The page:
MOORE — Former first lady Barbara Bush spoke via Skype on Monday to an auditorium full of elementary school students and told girls to “marry well” like she did as she expounded upon the importance of reading and literacy.
Bush spoke via Skype in front of more than 500 students at Briarwood Elementary School and a handful of students from Southmoore High School as part of her literacy foundation and recognition of International Literacy Day. The students at Briarwood are currently housed at a church following the razing of their school down to a concrete slab because of a deadly May tornado in Moore.
Asked by one of the students what she considered her most important policy or organization as first lady, Bush said she had the opportunity to do something good every single day. She listed her work with young patients suffering from AIDS, feeding the hungry and literacy, which she said is her main interest in life.
“So I had a wonderful opportunity to do good things just because my husband was president. And I still can — that's the wonderful part. I can still go up to the hospital here or go to a library here, read to children here and people care, just because I married well. So girls, marry well,” said Bush, 88, as the students in the auditorium applauded and cheered.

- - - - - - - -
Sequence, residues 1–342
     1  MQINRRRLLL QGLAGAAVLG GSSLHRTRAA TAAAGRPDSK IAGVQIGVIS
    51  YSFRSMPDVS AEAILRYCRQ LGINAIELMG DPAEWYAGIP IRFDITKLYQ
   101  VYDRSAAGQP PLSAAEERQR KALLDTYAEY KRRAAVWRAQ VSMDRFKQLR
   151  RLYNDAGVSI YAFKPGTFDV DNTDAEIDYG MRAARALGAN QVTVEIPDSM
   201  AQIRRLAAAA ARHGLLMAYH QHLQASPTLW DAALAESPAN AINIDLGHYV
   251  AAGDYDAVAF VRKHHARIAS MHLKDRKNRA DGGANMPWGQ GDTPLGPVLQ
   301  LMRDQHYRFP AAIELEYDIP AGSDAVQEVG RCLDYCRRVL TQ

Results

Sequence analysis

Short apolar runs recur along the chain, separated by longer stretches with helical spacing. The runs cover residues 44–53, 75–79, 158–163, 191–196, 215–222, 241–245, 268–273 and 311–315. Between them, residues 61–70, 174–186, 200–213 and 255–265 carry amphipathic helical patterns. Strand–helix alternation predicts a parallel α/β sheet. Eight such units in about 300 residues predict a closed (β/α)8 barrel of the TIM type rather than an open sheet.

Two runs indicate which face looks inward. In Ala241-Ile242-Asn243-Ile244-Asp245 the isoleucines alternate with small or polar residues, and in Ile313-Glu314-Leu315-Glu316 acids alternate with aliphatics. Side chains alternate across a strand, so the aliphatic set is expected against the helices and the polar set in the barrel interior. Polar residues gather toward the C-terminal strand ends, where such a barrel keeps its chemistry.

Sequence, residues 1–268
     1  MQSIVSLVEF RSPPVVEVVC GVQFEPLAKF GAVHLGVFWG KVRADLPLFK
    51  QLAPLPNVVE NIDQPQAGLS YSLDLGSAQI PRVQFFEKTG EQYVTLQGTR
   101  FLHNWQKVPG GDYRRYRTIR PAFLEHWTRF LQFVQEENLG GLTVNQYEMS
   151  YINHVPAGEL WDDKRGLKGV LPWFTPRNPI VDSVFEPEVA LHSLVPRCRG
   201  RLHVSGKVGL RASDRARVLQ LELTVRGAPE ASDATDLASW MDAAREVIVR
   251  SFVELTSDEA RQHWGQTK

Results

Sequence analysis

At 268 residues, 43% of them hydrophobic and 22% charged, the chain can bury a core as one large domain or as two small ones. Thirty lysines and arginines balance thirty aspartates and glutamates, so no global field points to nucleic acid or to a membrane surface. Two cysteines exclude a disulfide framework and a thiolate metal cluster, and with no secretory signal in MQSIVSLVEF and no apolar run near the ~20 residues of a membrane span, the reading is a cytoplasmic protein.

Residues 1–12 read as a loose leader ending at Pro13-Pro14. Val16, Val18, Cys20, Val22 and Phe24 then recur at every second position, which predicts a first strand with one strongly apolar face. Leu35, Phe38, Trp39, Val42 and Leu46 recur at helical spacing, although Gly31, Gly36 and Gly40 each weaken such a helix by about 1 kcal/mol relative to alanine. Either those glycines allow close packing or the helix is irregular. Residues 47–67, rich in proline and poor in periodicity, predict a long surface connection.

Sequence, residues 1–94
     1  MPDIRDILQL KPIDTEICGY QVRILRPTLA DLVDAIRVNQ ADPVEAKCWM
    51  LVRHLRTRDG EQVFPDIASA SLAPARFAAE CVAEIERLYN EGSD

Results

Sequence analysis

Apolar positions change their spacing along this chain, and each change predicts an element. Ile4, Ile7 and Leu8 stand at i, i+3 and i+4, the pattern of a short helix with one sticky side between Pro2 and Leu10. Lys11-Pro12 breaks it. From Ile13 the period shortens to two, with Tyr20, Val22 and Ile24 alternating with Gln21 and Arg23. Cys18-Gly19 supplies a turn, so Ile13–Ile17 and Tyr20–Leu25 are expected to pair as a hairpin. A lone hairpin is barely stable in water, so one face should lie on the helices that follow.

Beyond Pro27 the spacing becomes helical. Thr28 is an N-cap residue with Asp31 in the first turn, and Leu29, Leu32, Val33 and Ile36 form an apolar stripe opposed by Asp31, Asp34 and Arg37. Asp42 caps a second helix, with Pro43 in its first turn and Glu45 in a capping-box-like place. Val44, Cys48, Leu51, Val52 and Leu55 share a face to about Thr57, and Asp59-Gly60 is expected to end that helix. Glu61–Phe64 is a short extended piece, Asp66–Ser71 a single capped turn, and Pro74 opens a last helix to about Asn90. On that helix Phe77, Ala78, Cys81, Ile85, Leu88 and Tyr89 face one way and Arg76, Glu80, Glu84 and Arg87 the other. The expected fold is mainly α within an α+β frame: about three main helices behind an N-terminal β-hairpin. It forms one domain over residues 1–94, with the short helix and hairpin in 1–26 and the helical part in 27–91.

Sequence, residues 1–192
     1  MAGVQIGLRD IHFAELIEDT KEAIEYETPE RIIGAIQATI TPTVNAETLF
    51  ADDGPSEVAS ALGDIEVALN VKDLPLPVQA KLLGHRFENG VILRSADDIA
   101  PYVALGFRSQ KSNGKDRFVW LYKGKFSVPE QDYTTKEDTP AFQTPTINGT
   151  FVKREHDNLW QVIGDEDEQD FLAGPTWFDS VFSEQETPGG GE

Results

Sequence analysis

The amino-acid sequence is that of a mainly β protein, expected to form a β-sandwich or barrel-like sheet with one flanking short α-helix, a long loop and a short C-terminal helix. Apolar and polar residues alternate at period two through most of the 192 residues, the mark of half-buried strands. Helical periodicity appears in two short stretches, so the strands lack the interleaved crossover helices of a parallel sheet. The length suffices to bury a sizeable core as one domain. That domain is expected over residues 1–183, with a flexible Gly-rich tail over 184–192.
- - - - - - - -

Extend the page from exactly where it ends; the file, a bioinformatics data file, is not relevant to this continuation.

The former first lady started the Barbara Bush Foundation for Family Literacy to reach the most Americans possible, she said. “If everybody could read, write and comprehend what they've read, we'd be a much better country. We'd have less teenage pregnancies. We'd have less school dropouts. Our country would just be so much better and more people could get jobs,” she said.
Bush also shared that her favorite book is “Pride and Prejudice” by Jane Austen and said in addition to having her friends and family close by, she enjoys living in Texas because of the people.
“I love people in Texas,” she said. “They're very much like Oklahomans. They're warm. They're friendly. They're honest. They're not fancy people. They're just good people,” she said.
Throughout the 20-minute event, the Internet connection went in and out, making for delayed speech and at times leaving Bush inaudible.
Nicole Johnson, a 10-year-old fifth-grader, said it was “cool” to have the former president's wife speak to the students. Johnson was one of the students selected to ask Bush a question. She asked about Bush's favorite type of dog because she likes dogs, Johnson said.